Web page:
Ban these tests, in my opinion. If your child is bright then allow them to sit the 11+ exam for grammar school entry; that is the only exam they should be sitting. Children who have not yet reached that academic calibre by that time in their lives, should be allowed to mature and develop naturally and organically for a while longer. All children have to sit GCSEs, but that is 6 years down the line. They do not need the stress starting at the age of 10!!!! I think there is too much enforced stress, for very little justifiable reward for most students. As I have already said, there are lots of exam opportunities for the ones who are ready, rather than wholesale standardised testing that results in some children labelled as failures before they have even started their academic journeys in earnest.
So, to repeat, in my opinion we should BAN THE TESTS – or failing that, at least change their nature. I have heard of immense bullying by peers towards children who have not done well. Another important point is that, in general, girls tend to be more able and mature than boys at the age of 10. Yet boys have to sit the same tests – so do we have one test for girls and one for boys? It is also important to keep in mind that these tests are not universally administered. Children in independent schools do not have to sit these tests, or go through this pressure. Some schools in the lower quality band of such private academic institutions would not do that well, definitely not enough to justify the fees the parents are paying. So why are they spared the stress? Why this lack of transparency – a whole sector of education in the dark, with no light shone on its quality. If standardised tests are being used to gauge the academic level of our children, this must include all our children surely?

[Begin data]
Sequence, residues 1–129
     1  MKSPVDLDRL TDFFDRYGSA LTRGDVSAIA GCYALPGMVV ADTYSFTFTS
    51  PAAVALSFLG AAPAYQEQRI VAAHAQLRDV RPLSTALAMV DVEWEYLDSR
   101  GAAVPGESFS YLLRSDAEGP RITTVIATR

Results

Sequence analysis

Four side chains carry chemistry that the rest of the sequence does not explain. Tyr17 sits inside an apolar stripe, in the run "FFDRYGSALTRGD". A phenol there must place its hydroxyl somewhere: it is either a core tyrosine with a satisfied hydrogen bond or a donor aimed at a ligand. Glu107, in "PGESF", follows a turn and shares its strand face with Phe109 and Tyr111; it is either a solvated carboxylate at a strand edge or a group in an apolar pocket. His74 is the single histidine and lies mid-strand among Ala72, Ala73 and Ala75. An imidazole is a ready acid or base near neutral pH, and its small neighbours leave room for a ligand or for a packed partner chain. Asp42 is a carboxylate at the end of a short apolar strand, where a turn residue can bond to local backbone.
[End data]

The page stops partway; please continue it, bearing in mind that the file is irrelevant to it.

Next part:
The stress affects teachers and head teachers too, to the point where a head teacher was recently found guilty of doctoring the results of the Year 6 SATs. This gives us an idea of the immense pressure all stakeholders are under. So, I fully respect the parents who kept their children away from the tests, aiming to protect them from the possible harm they might cause – and the government should respect their views too. A system imposed from the outside, that is not accepted by the very parents and students it claims to serve, needs rethinking. If we wish to make our education system more effective – there are surely better ways to do it than the SATs?
We are on the cusp of reinventing an education system that we think is not helping us in the globalised market, while at the same time ignoring that fact that the skills needed to succeed in the world are changing faster than ever. Education has to prepare our children for jobs that haven’t been invented yet. Are we going about it the right way? Do let me know your views about the SATs and tell me how your children have fared. I can’t wait to read your thoughts and stories!